China dismisses claims of being behind Australian cyber attack

Beijing dismisses claims of being behind a major cyber-attack on the Australian government, and says both China and the U.S. have “frank and constructive” attitudes on the issue of cyber security.

BEIJING, CHINA (DECEMBER 2, 2015) (REUTERS) – Beijing dismissed accusations that China was behind a massive Australian cyber attack on Wednesday (December 2), describing the accusations as “groundless”.

A major cyber-attack against Australia’s Bureau of Meteorology that may have compromised potentially sensitive national security information is being blamed on China, the Australian Broadcasting Corporation (ABC) reported on Wednesday.

The Bureau of Meteorology owns one of Australia’s largest supercomputers and the attack, which the ABC said occurred in recent days, may have allowed those responsible access to the Department of Defence through a linked network.

The ABC, citing several unidentified sources with knowledge of the “massive” breach, placed the blame on China, which has in the past been accused of hacking sensitive Australian government computer systems.

“It’s China,” the ABC quoted one source as saying.

The Bureau of Meteorology said in a statement on its website that it did not comment on security matters, but that it was working closely with security agencies and that its computer systems were fully operational.

The Australian Federal Police declined to comment on the matter. The Department of Defence said in a statement that it was barred by policy from commenting on specific cyber security incidents.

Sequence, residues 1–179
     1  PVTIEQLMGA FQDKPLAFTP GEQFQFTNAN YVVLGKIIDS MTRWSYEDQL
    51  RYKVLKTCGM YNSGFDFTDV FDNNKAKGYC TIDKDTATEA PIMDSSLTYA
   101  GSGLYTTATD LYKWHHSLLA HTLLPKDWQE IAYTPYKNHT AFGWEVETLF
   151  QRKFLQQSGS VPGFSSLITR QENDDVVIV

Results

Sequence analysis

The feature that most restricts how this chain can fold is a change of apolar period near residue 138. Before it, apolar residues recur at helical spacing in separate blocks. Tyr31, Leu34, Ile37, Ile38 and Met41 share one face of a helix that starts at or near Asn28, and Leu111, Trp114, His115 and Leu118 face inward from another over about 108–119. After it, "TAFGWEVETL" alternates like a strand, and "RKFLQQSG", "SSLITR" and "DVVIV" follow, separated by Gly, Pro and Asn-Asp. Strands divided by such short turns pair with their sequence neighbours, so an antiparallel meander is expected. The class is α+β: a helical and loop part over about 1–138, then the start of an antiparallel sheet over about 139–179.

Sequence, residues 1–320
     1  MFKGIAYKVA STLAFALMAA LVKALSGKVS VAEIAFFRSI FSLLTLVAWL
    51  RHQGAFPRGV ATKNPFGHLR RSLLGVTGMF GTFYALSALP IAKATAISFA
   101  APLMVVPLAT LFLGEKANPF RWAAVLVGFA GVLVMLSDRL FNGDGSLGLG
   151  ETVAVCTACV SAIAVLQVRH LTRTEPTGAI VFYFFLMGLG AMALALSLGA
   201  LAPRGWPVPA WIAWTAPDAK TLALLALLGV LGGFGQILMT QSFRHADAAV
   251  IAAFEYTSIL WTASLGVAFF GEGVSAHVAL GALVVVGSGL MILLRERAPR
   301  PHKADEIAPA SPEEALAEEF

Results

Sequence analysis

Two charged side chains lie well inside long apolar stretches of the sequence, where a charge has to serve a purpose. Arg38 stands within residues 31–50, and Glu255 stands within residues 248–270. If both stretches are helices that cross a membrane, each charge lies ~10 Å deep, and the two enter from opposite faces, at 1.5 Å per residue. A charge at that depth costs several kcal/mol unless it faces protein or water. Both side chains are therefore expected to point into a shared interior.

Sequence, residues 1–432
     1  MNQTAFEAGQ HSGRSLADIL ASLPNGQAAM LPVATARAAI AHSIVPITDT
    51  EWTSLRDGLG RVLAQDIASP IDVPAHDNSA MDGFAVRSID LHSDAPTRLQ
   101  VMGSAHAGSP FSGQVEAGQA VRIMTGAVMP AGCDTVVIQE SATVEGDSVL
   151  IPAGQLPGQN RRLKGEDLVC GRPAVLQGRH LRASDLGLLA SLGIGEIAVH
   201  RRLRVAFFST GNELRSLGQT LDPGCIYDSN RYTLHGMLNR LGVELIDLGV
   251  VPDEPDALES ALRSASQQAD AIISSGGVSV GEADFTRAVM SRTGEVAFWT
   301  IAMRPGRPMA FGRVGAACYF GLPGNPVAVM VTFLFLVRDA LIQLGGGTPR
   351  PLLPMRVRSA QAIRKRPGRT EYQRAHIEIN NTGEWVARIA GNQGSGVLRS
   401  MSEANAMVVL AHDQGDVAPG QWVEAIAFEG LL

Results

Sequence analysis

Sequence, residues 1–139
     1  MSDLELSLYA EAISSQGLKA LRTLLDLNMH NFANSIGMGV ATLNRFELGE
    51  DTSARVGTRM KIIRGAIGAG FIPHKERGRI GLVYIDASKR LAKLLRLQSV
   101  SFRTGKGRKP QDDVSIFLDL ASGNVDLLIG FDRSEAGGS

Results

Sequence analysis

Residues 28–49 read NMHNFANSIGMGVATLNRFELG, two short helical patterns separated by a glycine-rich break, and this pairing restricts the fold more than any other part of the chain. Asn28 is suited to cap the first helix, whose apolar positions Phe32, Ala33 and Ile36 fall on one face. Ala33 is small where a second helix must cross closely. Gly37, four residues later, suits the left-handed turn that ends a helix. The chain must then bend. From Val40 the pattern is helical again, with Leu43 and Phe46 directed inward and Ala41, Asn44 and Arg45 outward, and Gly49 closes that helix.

China’s Foreign Ministry dismissed the accusation.

“Chinese government firmly opposes and cracks down on all forms of cyber attacks. We consistently emphasized that the issue of internet security is a global problem, the parties concerned need to strengthen dialogue and cooperation to jointly solve the problem in the spirit of mutual respect, we believe that groundless accusations and speculation are not constructive,” said Foreign Ministry spokeswoman, Hua Chunying.

China’s official Xinhua news agency also said on Wednesday that an investigation into a massive U.S. computer breach last year that affected more than 22 million federal workers found the hacking attack was criminal, not state-sponsored.

In an article about a meeting between top U.S. and Chinese officials on cyber security issues held in Washington, Xinhua said the breach at the United States Office of Personnel Management (OPM) was among the cases discussed.

The report did not give details of who conducted the investigation, or whether U.S. and Chinese officials both agreed with the conclusion.

“As for the exact situation surrounding the specific case you’ve mentioned, I think you can see from my relevant introduction that both sides have frank and constructive attitudes and are willing to solve the issue of cyber security through dialogue and exchanges,” Hua said.

She also listed out the outcomes of the dialogue, which include guiding principles on combating cybercrimes and a hotline.

China has long been accused of using its considerable computing resources to infiltrate online businesses for competitive advantage, as well as conducting acts of cyber espionage.

In June, U.S. officials blamed Chinese hackers for compromising the records of up to four million current and former government employees.

China called the U.S. comments irresponsible, while President Barack Obama vowed that the United States would aggressively bolster its cyber defences.

China is Australia’s top trading partner, with two-way trade of about A$150 billion ($110 billion) in 2013, and they signed a landmark free trade agreement in 2014 that is likely to further boost commercial ties.

Australia needs China’s help to transition from a reliance on exports of minerals such as coal and iron ore to expanding its food and agricultural exports to a growing Asian middle class, moving from a “mining boom” to a “dining boom”.